As Above, So Below
Perdita Weeks stars as Scarlett, a young alchemy scholar in search of the mythical philosopher’s stone, an artifact said to give it’s wielder power that ranges from transmuting lead into gold to even eternal life. And after obtaining a few final clues as to the stone’s location, Scarlett gathers a small group of friends and local guides before venturing into the catacombs beneath Paris. But the deeper they go, the stranger and more perilous the journey becomes. And the closer they get to the truth of everything, the less likely they’ll ever see the light of day again…in As Above, So Below.
As Above, So Below, from writer-director Jason Erick Dowdle–the same man who brought you movies such as No Escape, Quarantine, and The Poughkeepsie Tapes–is simultaneously one of the best found-footage horror films period and a movie that, ninety-nine percent of the time, absolutely doesn’t need or effectively uses such a tired gimmick. Oddly enough, the tense scene that exists in that remaining one percent is also one of the best uses of the found-footage motif.
As a whole, the movie is effectively an adventure-horror story about a group of young adults unwittingly venturing into the depths of Hell for the sake an Indiana Jones-styled MacGuffin. It swiftly opens by introducing the idea of the stone itself, setting up the adventure ahead, and upholds the religious and supernatural nature at the center of it all. Perdita Week’s Scarlett then just as quickly gathers her crew and pieces together the clues to the stone’s location before diving right into the catacombs of Paris. Once there, we witness a number of tense, unsettling events that sees the group of adventurers descending into ancient tunnels and chambers lined with both treasure and religious iconography. And all the while dealing with various puzzles, traps, and the mysterious hooded figures and nightmares lurking in the shadows.
In short, As Above, So Below is a strange but fun mix of Indiana Jones, The Blair Witch Project, and Dante’s 14th-century epic poem, Inferno. And for the most part, it works. The movie is quick-paced, exciting, terrifying, and clever with the way it tests and tortures its cast of troubled characters. The characters themselves are fleshed out just enough and performed in a more subtle, realistic fashion. It also lacks many of the artificial arguments and pointless conflicts seen in a lot of similar movies, ensuring the movie always presses onward instead of having the characters awkwardly bickering in the same spot for several minutes for the sake of padding the run time. There’s always something of note happening. The characters always have something to say, do, and overcome right until the very end.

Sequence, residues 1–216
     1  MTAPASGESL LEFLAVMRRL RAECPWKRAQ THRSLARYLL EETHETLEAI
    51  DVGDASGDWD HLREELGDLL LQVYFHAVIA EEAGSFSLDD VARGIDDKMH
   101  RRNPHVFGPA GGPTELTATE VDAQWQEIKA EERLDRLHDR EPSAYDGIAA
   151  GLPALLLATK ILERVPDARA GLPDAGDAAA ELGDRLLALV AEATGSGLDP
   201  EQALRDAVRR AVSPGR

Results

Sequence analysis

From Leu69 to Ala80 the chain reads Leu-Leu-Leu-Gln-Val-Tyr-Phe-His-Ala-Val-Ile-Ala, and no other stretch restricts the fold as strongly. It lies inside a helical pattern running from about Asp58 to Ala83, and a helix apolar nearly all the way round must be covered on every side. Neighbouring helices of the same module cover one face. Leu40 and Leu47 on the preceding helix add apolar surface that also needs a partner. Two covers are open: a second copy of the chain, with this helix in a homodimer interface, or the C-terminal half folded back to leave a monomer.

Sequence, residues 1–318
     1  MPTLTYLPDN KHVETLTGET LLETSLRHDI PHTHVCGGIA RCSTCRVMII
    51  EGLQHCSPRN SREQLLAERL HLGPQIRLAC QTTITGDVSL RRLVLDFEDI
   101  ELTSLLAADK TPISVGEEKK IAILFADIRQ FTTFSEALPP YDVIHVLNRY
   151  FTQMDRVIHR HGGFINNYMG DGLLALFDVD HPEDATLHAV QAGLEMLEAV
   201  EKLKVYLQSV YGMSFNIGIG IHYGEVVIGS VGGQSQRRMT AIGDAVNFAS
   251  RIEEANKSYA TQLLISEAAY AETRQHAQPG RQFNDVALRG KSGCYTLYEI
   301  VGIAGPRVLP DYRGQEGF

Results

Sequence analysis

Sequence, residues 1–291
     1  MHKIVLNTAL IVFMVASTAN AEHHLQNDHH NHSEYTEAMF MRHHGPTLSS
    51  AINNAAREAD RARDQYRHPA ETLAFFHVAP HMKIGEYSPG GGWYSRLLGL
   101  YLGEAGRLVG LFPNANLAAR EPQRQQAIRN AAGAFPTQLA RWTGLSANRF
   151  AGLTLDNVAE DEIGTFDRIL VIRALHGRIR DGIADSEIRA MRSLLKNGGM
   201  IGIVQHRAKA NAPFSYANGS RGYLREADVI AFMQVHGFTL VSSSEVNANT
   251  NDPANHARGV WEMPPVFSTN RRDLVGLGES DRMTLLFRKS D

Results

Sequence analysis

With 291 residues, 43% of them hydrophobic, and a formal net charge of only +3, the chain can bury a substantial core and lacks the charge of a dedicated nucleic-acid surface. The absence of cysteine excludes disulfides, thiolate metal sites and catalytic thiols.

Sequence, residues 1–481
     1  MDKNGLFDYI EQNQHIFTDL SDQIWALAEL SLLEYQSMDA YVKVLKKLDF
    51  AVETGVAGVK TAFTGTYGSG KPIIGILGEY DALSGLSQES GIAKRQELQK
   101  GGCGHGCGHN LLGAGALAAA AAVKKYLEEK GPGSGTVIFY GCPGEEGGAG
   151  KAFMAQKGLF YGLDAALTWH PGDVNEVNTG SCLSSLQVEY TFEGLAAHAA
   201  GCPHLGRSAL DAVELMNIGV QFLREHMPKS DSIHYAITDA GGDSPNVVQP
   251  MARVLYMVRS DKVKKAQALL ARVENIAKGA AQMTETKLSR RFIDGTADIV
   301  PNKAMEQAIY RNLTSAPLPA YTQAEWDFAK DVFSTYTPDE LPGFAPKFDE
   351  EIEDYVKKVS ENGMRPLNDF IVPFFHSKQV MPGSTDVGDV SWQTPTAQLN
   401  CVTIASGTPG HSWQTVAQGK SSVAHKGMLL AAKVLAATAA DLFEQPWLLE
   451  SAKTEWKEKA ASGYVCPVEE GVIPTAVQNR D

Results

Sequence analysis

In fact, if the movie is lacking anything, it’s the sort of cheap scares found-footage films often rely on. I can’t recall a time when something frightening appears or happens off-screen only for it to never be properly shown to us. Rarely does the film feel like a first-person run through a haunted house. Nor does it attempt to make you question whether what you’re seeing on screen is supposed to be real or the panicked misinterpretation of its characters. There are still plenty of scares to be had–both fun and intense–but they’re organic and fully presented.
Unfortunately, as with nearly every found-footage horror film after The Blair Witch Project, As Above, So Below lazily rationalizes its own motif.
In the context of the film itself, there’s no real reason why the characters are filming themselves, especially given the amount of criminal activities they’re admittedly engaging in during the film, from defacing historical sites to trespassing. It might make sense for characters in such a situation to take photos of their adventure and findings, maybe even a few brief video clips. In fact, there’s only one shot very early in the movie, in which Scarlett properly introduces herself, that even remotely resembles a documentary. Every scene before and after this is little more than shaky camera footage quickly spliced together. And unlike movies like The Blair Witch, why and how all this footage is recovered and edited together after the events of the film isn’t explained. The movie literally walks away from the whole idea of it by the end.
If Dowdle made the conscious decision to use this particular framing device, for as dated and tired as the gimmick might be after nearly twenty years, then there should have been some real effort to do something of note with it. The shaky-cam look is fine, as it gives the film a more grounded, realistic feel. But Dowdle actively ignores it for most of the film. At times, especially towards the end as things are at their most frantic, the found footage approach actually slows things down and makes things incredibly hard to follow. In fact, there are a few shots wholly ruined because it’s little more than the camera wildly flailing about rather than focusing on anything at all.
Personal gripes about stylist choices aside, As Above, So Below is an enjoyable little movie that focuses more on being fun, strange, and unsettling than constantly making you squirm in your seat or getting you to scream. It’s far from the scariest horror film available today. But it is one of the most original and approachable horror movies for those who might usually avoid such things.
As Above, So Below is a welcomed and wholly refreshing CHILL.